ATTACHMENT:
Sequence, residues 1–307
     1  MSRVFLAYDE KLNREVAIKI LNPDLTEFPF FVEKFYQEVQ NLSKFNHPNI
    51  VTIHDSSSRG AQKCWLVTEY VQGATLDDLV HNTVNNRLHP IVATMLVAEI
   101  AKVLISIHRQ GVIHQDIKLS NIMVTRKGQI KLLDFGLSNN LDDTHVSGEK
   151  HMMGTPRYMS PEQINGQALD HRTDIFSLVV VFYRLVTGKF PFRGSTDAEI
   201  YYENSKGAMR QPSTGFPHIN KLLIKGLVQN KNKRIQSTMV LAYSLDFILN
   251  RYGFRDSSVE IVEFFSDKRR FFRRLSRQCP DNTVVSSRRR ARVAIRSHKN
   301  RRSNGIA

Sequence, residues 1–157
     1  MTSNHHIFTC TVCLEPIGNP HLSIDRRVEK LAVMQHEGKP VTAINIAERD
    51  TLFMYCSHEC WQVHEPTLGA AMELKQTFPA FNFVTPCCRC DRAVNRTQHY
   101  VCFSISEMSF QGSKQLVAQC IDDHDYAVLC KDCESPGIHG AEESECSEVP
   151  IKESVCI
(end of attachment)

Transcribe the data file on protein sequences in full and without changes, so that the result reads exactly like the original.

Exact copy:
Sequence, residues 1–307
     1  MSRVFLAYDE KLNREVAIKI LNPDLTEFPF FVEKFYQEVQ NLSKFNHPNI
    51  VTIHDSSSRG AQKCWLVTEY VQGATLDDLV HNTVNNRLHP IVATMLVAEI
   101  AKVLISIHRQ GVIHQDIKLS NIMVTRKGQI KLLDFGLSNN LDDTHVSGEK
   151  HMMGTPRYMS PEQINGQALD HRTDIFSLVV VFYRLVTGKF PFRGSTDAEI
   201  YYENSKGAMR QPSTGFPHIN KLLIKGLVQN KNKRIQSTMV LAYSLDFILN
   251  RYGFRDSSVE IVEFFSDKRR FFRRLSRQCP DNTVVSSRRR ARVAIRSHKN
   301  RRSNGIA

Sequence, residues 1–157
     1  MTSNHHIFTC TVCLEPIGNP HLSIDRRVEK LAVMQHEGKP VTAINIAERD
    51  TLFMYCSHEC WQVHEPTLGA AMELKQTFPA FNFVTPCCRC DRAVNRTQHY
   101  VCFSISEMSF QGSKQLVAQC IDDHDYAVLC KDCESPGIHG AEESECSEVP
   151  IKESVCI